Fewer women in the IVF group gave birth vaginally. This was attributed to the significantly higher cesarean delivery rate (58.8 %) in the IVF group compared to 27.5 % (P = 0.002) of the control group. Compared to the trend in spontaneous pregnancies, increase in preterm cesarean deliveries in the IVF group was insignificant. The birth weights and 5-min Apgar scores were similar in both groups (Table 4). The various indications for cesarean delivery are presented on Table 5. The leading factors of the increase in cesarean deliveries among IVF patients were advanced maternal age and IVF or precious baby. We did not induce labour or effect instrumental deliveries. Women with less than 2 children were more likely to have a cesarean delivery in the IVF group than in the controls (P = 0.009). Similarly, those with higher parities had significantly less cesarean deliveries in the IVF group than in the spontaneous pregnancy group (P = 0.005) (Table 6). There was a significantly higher cesarean section rate among women who did IVF out of Cameroon compared to those who went through the procedure in Cameroon (P = 0.006). The duration of infertility (P = 0.073) and the number of IVF trials (P = 0.059) did not influence the cesarean delivery rates to any significant degree (Table 7). In multiple regression analysis, women with IVF were at greater risk of cesarean section than spontaneous pregnancies (OR 4.096, 95 % CI 1.78–9.42) Table 8.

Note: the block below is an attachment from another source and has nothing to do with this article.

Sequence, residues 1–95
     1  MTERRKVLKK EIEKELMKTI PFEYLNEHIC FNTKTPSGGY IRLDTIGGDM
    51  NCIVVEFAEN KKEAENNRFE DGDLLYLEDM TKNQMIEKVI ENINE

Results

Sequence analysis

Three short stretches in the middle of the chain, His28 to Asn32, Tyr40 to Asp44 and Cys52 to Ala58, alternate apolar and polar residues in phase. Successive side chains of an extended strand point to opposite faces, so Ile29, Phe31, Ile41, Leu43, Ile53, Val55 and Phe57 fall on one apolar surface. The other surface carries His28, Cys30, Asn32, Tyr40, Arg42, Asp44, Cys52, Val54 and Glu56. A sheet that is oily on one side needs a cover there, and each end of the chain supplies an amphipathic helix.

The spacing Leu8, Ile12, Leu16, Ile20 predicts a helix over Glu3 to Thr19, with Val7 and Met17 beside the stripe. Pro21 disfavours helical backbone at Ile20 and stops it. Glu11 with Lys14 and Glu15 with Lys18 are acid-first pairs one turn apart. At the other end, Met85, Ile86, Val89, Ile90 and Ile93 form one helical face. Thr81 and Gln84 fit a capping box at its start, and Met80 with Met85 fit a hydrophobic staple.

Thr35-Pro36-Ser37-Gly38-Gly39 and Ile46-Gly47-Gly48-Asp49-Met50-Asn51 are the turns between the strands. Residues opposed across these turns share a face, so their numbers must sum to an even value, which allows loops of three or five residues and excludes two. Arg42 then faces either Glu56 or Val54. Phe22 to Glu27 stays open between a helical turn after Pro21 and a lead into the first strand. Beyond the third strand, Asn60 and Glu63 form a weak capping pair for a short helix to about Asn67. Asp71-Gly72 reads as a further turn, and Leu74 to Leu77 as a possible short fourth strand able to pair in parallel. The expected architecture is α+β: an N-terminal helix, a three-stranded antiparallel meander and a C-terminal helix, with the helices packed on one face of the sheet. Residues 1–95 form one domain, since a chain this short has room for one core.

Women who conceive after IVF are usually older than those who conceive naturally; they are also often more primiparous, and have a poorer obstetric history . These characteristics are all predictive of increased obstetric risk and adverse outcomes. A comparison with a control group is therefore mandatory if the prediction is to be confirmed or dismissed. In the present study, the obstetric outcomes of 51 IVF pregnancies were compared with those of 51 women who conceived naturally. All subjects were delivered in two hospitals: CDA and DGH, Cameroon. The socio-demographic characteristics were similar in the study and control groups.
Vaginal deliveries were significantly lower in the IVF group, and cesarean sections significantly higher. The global cesarean section rate in this study was 43.14 %: IVF 29.41 %, control group 13.73 %. This rate is similar to those reported previously [5, 6, 9, 10]. Women who conceived by IVF were 4 times more likely to have a cesarean delivery than those who conceived normally. Considering the comparatively low rates of antenatal complications in the control group, it seems reasonable to assume that the high rate of cesarean sections amongst IVF patients was at least in part a reflection of the equally high anxiety surrounding the management of these pregnancies. This assumption is supported by the fact that, amongst the indications for cesarean section, IVF or precious pregnancy was the next most frequent, immediately after advanced maternal age.
We used only maternal age and delivery dates to match the IVF group with that of spontaneous pregnancies; unlike Reubinof et al. who matched cases and controls with such other socio-demographic data as maternal age, parity, ethnic group, residence and delivery date .